Over at Inside Higher Education, Johann Neem wrote a good-sized piece on the debate about how to reform higher education in America. His point isn’t so much that any one of these approaches is correct (though I’m sure he has his own opinion); rather, he’s trying to lay out several different ways people approach this issue. Specifically:
1. Utilitarianism is built around the idea that things are right because they have good consequences. Hamlet isn’t better than Fear Factor because it’s high art, but because it leads to more pleasure and less pain than anything else. Per Neem, “A utilitarian approach to higher education, therefore, assumes that colleges and universities must be primarily outward-looking, responding to the wishes of higher education’s clients. For-profits, in particular, do not seek to change their students’ preferences but instead treat their students as customers. Give the students the kinds of programs they want to achieve what they want. The customer, after all, is always right.”
2. With pragmatism, per Neem, “the issue is not what is true, but what works.” This means (so far as I can understand; I’m not very familiar with pragmatism beyond this essay) that a good educational philosophy is one that’s responsive to the needs of society. So what worked in ancient Greece may not work for us, and if it doesn’t work for us it’s no longer good. History is only worth holding on to if it’s still effective. Neem points out that “the pragmatic approach has a hard time defining mans and ends.” President Obama, who he rightly identifies at a pragmatist (or at least, it’s an assessment I’ve seen in several other places) the purpose of education is economic growth, and a good pragmatic approach to education will be one that helps society as it actually is meet this goal. “Obama defines the outcomes to fit the economic context of today and then sets Americans free to experiment how to achieve them – anything that works. To Obama, there are no goods internal to higher education.”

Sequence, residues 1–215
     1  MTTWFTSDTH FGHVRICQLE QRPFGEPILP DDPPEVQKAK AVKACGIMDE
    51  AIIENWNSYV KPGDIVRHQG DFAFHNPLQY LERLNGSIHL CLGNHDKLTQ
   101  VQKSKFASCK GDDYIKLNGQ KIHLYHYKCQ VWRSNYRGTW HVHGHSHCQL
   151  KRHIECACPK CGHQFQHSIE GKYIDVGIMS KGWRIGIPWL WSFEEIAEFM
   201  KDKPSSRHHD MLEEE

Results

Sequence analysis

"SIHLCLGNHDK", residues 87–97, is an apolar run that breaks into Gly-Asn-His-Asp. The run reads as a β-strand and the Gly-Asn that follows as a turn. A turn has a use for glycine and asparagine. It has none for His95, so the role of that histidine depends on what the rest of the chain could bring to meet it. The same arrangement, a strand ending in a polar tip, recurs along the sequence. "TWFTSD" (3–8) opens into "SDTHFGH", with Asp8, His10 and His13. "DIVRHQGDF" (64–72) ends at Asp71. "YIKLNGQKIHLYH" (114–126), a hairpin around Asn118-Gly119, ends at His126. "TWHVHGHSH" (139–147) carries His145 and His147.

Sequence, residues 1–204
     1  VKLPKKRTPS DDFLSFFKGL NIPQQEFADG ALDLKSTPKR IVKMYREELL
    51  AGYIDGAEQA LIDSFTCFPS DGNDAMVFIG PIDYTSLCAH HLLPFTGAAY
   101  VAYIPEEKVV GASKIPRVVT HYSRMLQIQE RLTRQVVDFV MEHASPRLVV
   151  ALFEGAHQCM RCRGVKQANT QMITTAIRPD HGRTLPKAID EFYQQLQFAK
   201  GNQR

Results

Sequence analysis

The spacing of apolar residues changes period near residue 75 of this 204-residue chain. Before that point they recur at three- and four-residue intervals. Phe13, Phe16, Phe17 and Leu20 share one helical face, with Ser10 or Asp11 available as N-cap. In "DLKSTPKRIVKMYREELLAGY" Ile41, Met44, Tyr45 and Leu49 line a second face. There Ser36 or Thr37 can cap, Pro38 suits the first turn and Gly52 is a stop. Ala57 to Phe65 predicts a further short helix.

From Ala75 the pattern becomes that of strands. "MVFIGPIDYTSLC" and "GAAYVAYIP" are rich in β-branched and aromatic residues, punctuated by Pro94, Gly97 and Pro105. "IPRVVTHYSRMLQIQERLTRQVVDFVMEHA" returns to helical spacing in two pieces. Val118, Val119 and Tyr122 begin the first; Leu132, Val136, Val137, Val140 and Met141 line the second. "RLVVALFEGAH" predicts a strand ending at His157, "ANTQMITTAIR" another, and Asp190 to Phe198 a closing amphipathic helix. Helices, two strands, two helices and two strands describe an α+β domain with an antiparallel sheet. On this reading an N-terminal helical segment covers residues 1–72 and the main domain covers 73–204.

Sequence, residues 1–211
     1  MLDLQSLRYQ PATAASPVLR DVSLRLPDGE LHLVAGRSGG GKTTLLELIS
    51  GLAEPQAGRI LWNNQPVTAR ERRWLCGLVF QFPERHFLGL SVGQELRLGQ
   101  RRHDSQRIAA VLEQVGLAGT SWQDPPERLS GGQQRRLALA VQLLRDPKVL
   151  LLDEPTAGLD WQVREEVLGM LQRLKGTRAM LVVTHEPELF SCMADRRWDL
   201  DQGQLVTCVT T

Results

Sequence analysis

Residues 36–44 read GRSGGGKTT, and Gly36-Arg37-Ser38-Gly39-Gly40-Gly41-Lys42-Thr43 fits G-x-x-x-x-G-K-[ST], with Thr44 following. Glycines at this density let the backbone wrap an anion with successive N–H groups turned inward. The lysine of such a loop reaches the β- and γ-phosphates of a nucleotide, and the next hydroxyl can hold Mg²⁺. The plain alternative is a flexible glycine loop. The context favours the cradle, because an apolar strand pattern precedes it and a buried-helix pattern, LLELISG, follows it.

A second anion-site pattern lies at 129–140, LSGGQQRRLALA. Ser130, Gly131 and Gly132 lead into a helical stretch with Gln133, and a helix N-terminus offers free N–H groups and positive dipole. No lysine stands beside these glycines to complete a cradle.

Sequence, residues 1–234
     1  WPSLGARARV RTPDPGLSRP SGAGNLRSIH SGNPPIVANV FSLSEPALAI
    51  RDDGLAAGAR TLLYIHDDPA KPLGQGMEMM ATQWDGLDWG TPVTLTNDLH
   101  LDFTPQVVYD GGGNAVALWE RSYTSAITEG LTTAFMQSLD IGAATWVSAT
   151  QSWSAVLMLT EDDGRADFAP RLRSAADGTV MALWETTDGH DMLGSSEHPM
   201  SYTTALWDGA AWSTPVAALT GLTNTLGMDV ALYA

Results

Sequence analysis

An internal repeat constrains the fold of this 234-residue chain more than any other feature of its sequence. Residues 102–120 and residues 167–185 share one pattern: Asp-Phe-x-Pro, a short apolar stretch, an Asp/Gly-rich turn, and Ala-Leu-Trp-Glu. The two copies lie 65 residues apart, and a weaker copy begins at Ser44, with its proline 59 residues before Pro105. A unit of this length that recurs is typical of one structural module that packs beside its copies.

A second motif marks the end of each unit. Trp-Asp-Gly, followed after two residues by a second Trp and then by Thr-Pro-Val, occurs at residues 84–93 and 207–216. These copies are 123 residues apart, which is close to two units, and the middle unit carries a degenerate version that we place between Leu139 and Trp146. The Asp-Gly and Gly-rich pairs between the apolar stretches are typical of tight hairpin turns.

3. Finally: virtue ethics. Neem ties this to Aristotle’s approach, but what he’s really more properly discussing Alisdair MacIntyre. “If the true end of the university,” quoth Neem, “is the interpretation and acquisition of knowledge old and new, there are a set of “intellectual virtues” that sustain this end: curiosity, a commitment to truth regardless of its consequences for politics or profit, integrity, the ability and desire to seek knowledge and use it to be a better person and citizen.” Universities try to encourage these goals in their students, and “a university that emphasized awarding degrees and generating revenue or whatever students might desire, instead of a faculty and student body engaged in intellectual inquiry would no longer be a university.”
Where to start?
( Collapse )